Hans Ulrich Obrist runs London’s directional Serpentine Gallery as co-director, advises a galaxy of museums and just ranked number two behind Larry Gagosian on Art Review Power 100 List. He seems to be pretty much the human Super Glue of the art world.
Sticking to that theory, the 42-year-old opted recently for a collective book signing/multiperformance program at MoMA PS1 that also celebrated his own book, “Interviews, Volume II.” Going strong since 1993, his Interview Project so far consists of 875 culture vultures. (Cindy Sherman was the latest to get the grilling in late October.) Obrist’s Institute of the 21st Century is now digitalizing and tagging the 2,000 hours of interviews he has done. The Herculean undertaking is part of “a protest against forgetting,” a raison d’être gleaned from historian Eric Hobsbawm — in one of his interviews, of course.
WWD: Why do you think you care so much about artists?
Hans Ulrich Obrist: When I was a teenager, I was magnetically attracted to art and went to see lots of shows in Switzerland. I went to see Giacometti at the Kunsthaus Zurich, got sort of obsessed and that brought me to art. At 17, I met [Peter] Fischli and [David] Weiss, who were about to do “The Way Things Go,” a wonderful film. That’s when I decided I wanted to work with artists. It was then a question of “How?” and “What will curating be?”
WWD: How did you envision your life as a child?
H.U.O.: Before art, it was literature. I was obsessively always reading. Books were always superimportant.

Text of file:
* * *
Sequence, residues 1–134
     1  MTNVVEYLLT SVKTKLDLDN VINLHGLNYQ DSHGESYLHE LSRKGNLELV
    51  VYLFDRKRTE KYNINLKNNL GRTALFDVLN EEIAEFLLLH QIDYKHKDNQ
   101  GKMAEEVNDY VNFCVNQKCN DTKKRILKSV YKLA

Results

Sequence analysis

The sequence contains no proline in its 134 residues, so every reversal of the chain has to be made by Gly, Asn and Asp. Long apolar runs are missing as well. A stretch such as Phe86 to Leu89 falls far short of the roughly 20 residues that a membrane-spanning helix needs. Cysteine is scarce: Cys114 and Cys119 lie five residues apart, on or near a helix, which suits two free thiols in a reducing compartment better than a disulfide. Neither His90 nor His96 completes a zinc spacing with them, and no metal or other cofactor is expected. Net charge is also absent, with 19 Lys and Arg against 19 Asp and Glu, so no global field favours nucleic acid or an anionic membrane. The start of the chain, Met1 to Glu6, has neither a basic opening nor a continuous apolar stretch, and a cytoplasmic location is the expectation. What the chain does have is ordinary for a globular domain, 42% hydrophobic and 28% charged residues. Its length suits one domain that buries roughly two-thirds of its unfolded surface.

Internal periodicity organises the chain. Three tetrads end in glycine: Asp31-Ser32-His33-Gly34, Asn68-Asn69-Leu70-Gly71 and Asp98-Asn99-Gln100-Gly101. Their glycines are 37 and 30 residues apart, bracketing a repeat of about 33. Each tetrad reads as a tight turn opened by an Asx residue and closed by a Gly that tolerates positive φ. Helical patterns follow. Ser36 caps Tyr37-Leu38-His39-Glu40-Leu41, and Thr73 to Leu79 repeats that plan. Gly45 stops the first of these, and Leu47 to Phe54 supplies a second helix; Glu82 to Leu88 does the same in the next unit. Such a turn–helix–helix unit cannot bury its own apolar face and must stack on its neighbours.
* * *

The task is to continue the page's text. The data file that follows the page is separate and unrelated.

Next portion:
WWD: How many books do you read a month?
H.U.O.: I have a ritual — I buy a book every day and I try to read it. Sometimes I succeed and sometimes not. As Dostoevsky said, “In 18 hours’ time, we have less and less rituals so we need to be introduced to new rituals.” So one of my rituals is to buy a book no matter where I am or what I’m doing.
WWD: Do you still subscribe to what Doris Lessing told you, that self-censorship sometimes inhibits people from doing challenging things?
H.U.O.: Yes, unrealized projects are something I find quite interesting. A lot of practitioners have unrealized dreams which they would like to realize but of which they never talk. I’m very interested in this idea. “What actually are our dreams?” Because that can make them happen. That is the only recurring question in all my interviews.
WWD: What is yours?
H.U.O.: My one unrealized project is to have a palace of all these unrealized projects. It is sort of an irony because whenever I get close to realizing it, something goes wrong. It is almost as though in the nature of the project it will not be realized.
WWD: What do you do to unwind?
H.U.O.: I go to other fields. Coming from art, I go to science, architecture — more work is the answer [laughing.] That’s extremely relaxing.
WWD: So do you sleep four hours a night?
H.U.O.: Now I sleep five or six hours. I used to do the DaVinci sleep rhythm, staying awake for three hours and then sleeping for 15 minutes. The trouble was after three hours, I needed to sleep for 15 minutes wherever I was. It was very effective but not very good for social reasons.